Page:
Since people weren't around, burning fossil fuels, during almost all of that period, where did the carbon dioxide come from that caused the massive global warming 50 million years ago?
Hansen points to this figure as the answer:
FIGURE 19. Continental locations 65 million years ago and today. The Cretaceous era ended and the Cenozoic began 65 million years ago. (Data from Hansen et al., "Target Atmospheric CO2," (see sources) based on original data from Ron Blakey at Northern Arizona University.)
As the continents move, Hansen says, they can ride over ocean crust -- which has massive amounts of calcium carbonate and organic sediments. That heat and pressure produces carbon dioxide and methane.
Note how modern-day India cruised through the Indian Ocean until it reached Asia. This was an area where major rivers had deposited carbon sediments for a long time.
Undoubtedly, the carbon-rich sediments on that ocean floor were subducted beneath the Indian continental plate. Then, 50 million years ago, India crashed into Asia, with the Indian plate sliding under the Asian plate... With India's sojourn across the carbon-rich ocean completed, the carbon dioxide emissions declined and the planet began a long-term cooling trend.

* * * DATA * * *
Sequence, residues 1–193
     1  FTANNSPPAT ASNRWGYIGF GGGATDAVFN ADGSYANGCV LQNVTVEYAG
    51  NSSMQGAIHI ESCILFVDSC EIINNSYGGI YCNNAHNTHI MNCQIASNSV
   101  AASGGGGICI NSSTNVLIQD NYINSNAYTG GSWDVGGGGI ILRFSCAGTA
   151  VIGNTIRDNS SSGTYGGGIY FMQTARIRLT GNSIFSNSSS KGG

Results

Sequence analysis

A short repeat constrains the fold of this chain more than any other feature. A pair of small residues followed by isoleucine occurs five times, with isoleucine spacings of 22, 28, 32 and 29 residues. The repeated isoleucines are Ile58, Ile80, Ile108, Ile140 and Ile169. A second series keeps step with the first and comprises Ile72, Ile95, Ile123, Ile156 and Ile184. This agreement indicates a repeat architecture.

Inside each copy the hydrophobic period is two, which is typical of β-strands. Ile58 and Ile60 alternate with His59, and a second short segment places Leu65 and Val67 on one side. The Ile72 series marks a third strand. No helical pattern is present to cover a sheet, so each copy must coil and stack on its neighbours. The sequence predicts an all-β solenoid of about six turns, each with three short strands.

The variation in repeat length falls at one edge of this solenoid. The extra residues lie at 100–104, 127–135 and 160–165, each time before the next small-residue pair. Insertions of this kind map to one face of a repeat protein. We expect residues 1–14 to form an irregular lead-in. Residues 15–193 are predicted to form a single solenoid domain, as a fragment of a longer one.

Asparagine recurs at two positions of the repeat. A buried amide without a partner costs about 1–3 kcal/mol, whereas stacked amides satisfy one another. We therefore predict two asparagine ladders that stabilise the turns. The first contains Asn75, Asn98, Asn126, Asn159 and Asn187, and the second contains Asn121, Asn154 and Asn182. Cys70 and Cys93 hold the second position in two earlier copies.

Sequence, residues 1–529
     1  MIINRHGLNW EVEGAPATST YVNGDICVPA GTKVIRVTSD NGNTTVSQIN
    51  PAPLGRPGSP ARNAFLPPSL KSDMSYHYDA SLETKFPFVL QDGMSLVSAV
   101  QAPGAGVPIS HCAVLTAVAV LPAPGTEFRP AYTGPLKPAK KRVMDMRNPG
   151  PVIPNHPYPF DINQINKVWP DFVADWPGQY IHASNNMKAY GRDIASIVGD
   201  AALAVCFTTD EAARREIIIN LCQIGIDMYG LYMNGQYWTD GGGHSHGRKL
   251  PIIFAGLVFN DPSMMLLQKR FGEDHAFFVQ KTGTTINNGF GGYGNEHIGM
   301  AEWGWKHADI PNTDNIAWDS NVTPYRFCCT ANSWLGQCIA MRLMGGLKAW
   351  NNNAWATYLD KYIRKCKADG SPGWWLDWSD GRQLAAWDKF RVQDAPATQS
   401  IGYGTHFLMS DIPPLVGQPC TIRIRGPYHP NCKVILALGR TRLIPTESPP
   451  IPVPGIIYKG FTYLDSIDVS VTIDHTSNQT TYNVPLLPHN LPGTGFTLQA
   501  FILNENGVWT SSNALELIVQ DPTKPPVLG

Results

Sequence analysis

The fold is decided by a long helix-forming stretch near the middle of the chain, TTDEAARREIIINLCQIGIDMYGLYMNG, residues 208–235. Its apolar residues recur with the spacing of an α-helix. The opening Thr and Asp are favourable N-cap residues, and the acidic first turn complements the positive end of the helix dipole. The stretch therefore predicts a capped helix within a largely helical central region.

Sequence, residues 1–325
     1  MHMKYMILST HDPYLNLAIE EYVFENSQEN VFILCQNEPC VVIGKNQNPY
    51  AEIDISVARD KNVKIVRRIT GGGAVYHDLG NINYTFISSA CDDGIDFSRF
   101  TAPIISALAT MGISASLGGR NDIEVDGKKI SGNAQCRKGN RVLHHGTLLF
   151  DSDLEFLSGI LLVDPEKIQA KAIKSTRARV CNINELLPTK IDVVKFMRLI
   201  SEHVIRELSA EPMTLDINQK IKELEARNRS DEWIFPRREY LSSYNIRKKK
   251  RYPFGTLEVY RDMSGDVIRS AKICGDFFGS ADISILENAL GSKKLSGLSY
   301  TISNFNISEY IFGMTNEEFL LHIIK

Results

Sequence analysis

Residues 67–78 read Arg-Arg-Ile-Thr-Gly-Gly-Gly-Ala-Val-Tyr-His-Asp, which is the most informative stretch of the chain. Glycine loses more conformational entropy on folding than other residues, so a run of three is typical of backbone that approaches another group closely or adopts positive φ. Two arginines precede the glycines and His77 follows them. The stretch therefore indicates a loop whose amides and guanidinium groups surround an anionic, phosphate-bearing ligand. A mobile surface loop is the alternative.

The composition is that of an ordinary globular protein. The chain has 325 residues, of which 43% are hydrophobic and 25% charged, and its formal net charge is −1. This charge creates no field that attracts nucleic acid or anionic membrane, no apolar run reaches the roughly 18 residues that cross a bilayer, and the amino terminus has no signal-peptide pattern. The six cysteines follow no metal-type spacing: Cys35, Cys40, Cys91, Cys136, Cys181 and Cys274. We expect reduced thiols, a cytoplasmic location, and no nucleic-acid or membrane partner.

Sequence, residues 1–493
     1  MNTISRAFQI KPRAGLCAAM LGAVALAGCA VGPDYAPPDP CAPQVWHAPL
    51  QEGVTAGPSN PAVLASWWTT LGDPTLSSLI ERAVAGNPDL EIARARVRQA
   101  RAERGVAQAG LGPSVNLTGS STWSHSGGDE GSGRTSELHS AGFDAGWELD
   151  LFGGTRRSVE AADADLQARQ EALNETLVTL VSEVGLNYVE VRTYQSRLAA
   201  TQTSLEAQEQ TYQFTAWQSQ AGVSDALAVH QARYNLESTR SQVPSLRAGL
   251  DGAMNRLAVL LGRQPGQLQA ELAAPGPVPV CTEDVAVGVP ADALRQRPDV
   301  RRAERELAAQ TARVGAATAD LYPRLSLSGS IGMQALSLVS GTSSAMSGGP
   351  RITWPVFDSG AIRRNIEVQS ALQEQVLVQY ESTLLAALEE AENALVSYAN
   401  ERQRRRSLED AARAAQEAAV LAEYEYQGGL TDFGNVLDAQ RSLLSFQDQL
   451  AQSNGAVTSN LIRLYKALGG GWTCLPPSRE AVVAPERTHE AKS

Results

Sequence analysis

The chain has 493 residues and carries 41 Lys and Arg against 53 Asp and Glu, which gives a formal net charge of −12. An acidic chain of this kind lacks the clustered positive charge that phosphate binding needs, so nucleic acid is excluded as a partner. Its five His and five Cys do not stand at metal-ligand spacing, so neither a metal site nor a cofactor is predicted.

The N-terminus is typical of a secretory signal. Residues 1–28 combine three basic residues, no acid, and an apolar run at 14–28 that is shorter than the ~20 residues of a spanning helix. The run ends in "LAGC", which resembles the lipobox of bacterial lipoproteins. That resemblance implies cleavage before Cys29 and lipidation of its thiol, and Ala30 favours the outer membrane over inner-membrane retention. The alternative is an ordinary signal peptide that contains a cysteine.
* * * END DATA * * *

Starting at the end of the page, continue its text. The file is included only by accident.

If you want a much more detailed explanation, here's the paper Hansen cites in his book:
Now, seemingly it's reasonable to think, "OK. So what? India isn't going to repeat its crash-into-Asia thing. Why should we care about this today?"
A couple of reasons. Great reasons.
First, Hansen says that the methane hydrate reservoir that the ancient carbon dioxide emissions came from is fully charged again. It's possible that human-caused global warming could start to melt the methane on continental shelves, leading to runaway further global warming.